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Giro d'Italia has obligations to support Italian cycling, says Vegni

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Alfredo Martini, Michele Scarponi and Mauro Vegni at the launch of the 2012 Tirreno-Adriatico.

Alfredo Martini, Michele Scarponi and Mauro Vegni at the launch of the 2012 Tirreno-Adriatico. (Image credit: RCS Sport)
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The four Giro d'Italia leaders jerseys

The four Giro d'Italia leaders jerseys (Image credit: RCS Sport)
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Vincenzo Nibali (Astana) is crowned the 2013 Giro d'Italia winner

Vincenzo Nibali (Astana) is crowned the 2013 Giro d'Italia winner (Image credit: Bettini Photo)

Giro d’Italia technical director Mauro Vegni has explained that RCS Sport has awarded three of its four wildcard invitation to home-based teams in order to support Italian cycling, just as Tour de France organisers ASO have favoured French teams in years gone by.

Androni-Venezuela were already guaranteed a Giro berth as winners of the 2013 Coppa Italia, a measure introduced by former race director Angelo Zomegnan to safeguard the interests of Italian teams. The three remaining wildcards were announced on Thursday, with Colombia joined by Italian squads YellowFluo-Neri Sottoli and Bardiani-CSF.

“We have obligations to help and support the Italian cycling movement, a bit like ASO have done in the past by giving wildcards to French teams. The philosophy is the same,” Vegni told Cyclingnews on Thursday. “Italy is experiencing a very difficult moment. In the past, this was one of the leading nations of this sport. It still is, but with many more difficulties, so we felt that this step we’ve taken to support the teams could also help and support the whole of Italian cycling.”

The decision to select YellowFluo-Neri Sottoli has met with some criticism given that the team – then called Vini Fantini-Selle Italia – had Mauro Santambrogio and Danilo Di Luca test positive for EPO at last year’s Giro. Ultimately, however, RCS Sport was swayed by the YellowFluo pledge to publish its riders’ blood values online and, perhaps as tellingly, by fears that the team would not survive beyond 2014 without a ride at the Giro.

“We can’t forget what’s gone before, but they are undergoing significant change, and have brought in some new people into the management, like [Stefano] Garzelli [who tested positive in the pink jersey at the 2002 Giro – ed.], and are presenting a new image of themselves,” Vegni said. “They also have sponsors who, if the team wasn’t at the Giro d’Italia, might move on to other sports instead.”

It seems that the team’s decision to hand back its invitation to last year’s Tour of Lombardy as a token of good faith did not go unnoticed in Milan, nor did the fact that the team had signed Di Luca at the express request of its sponsor.

“Now the sponsor has changed, the team has changed and they’re looking to create a new image built around younger riders,” Vegni said. “They’ve set up a development team bearing the name of Franco Ballerini and they’ve joined the MPCC. They’re changing radically and that certainly helped us with our choice.”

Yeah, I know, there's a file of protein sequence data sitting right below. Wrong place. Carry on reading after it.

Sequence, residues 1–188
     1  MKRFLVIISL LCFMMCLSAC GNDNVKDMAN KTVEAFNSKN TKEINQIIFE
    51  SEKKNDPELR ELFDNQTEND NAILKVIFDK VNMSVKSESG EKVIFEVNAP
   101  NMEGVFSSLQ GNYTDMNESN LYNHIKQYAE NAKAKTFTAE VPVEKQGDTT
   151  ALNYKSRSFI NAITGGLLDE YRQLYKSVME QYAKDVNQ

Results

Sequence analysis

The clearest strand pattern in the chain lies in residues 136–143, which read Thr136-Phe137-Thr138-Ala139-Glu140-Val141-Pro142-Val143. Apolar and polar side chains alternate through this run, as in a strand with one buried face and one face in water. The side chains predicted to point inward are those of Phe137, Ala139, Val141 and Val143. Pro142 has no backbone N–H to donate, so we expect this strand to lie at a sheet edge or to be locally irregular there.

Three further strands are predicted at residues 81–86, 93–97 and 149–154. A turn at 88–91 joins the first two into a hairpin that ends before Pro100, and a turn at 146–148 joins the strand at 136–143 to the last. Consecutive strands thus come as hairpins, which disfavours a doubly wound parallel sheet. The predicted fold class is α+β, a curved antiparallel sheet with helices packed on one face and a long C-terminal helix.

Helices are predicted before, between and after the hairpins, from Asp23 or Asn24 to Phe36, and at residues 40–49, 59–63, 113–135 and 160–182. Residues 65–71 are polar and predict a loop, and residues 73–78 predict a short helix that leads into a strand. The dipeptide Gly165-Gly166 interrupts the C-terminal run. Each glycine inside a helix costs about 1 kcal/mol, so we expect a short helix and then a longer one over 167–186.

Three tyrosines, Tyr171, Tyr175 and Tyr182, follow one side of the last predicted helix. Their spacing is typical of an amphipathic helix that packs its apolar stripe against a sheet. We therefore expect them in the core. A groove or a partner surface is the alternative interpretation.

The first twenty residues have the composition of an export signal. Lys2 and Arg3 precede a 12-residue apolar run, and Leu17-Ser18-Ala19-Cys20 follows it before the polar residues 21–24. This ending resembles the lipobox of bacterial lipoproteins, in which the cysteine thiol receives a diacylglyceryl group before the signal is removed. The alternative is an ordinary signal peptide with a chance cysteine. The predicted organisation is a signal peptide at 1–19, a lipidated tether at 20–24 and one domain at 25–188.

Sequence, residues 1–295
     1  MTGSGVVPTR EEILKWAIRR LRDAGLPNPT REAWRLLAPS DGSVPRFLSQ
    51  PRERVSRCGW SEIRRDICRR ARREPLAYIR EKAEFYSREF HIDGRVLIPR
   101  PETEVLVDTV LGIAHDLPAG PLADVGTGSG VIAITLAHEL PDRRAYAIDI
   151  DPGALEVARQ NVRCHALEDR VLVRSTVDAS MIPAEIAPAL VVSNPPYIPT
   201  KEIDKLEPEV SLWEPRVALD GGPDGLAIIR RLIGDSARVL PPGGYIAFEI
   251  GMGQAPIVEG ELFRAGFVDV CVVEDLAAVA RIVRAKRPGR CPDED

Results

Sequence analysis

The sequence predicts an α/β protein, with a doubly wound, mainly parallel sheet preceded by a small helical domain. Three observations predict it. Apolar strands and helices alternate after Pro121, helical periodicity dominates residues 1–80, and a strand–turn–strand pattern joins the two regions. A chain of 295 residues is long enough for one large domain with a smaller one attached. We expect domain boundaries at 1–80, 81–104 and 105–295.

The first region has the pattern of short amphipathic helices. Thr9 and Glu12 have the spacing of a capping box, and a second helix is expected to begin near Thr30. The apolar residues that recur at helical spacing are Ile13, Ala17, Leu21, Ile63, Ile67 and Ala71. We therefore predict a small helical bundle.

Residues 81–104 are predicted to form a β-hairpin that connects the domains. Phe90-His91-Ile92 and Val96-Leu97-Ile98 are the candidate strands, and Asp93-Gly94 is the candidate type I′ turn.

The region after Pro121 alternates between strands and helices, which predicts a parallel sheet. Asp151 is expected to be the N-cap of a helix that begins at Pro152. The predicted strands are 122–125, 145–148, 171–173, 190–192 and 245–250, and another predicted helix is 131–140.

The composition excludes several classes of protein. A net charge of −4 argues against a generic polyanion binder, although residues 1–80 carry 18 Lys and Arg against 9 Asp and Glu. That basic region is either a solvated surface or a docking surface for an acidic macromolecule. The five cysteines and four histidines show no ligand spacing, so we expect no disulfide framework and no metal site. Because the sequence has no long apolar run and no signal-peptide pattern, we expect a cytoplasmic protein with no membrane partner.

Internationalization still a priority

Although the wildcards for this year’s Giro are ultimately the same as in 2013, RCS Sport’s explicit tying of the choice to its commitment Italian cycling seems to mark a break with former race director Michele Acquarone’s policy of internationalization. Acquarone was a proponent of the MTN-Qhubeka team’s merits, in particular, but he was among those removed from their position late last year following an investigation into the alleged misappropriation of €10 million from the RCS accounts.

“Internationalization is the primary objective of the Giro, but internationalization isn’t just about riders and teams, it’s also about the places the race visits,” Vegni told Cyclingnews. “This year, we have an international project with the start in Ireland. And what’s more, internationalization isn’t confined to the Giro. At Tirreno-Adriatico, for instance, we’ve invited only one Italian team [Bardiani] and three foreign ones [MTN, NetApp-Endura and IAM Cycling].”

Under Acquarone’s brief stewardship, RCS Sport had enacted a five-man wildcard commission, which held a vote to decide on how to distribute the invitations. Given that Acquarone’s replacement Paolo Bellino only took up his post on Monday, however, this year’s wildcard decision was reached by consensus rather than by commission.

“There was a discussion within the company on the suitability or otherwise of these choices,” Vegni said of the decision-making process. “There is no longer a commission but there was a consultation with the heads of the company.”

While RCS Sport announced the wildcard invitations for each of its WorldTour events – the Giro, Milan-San Remo, Tirreno-Adriatico and the Tour of Lombardy – on Thursday, it will not name the teams for Strade Bianche and Roma Maxima for another month, when alterations to the route of Strade Bianche will also be unveiled.

“The Strade Bianche teams will be announced around the middle of February, when we will hold a press conference because we have some announcements to make too about changes to the route,” Vegni said. “There will be some nice novelties for both of those races.”





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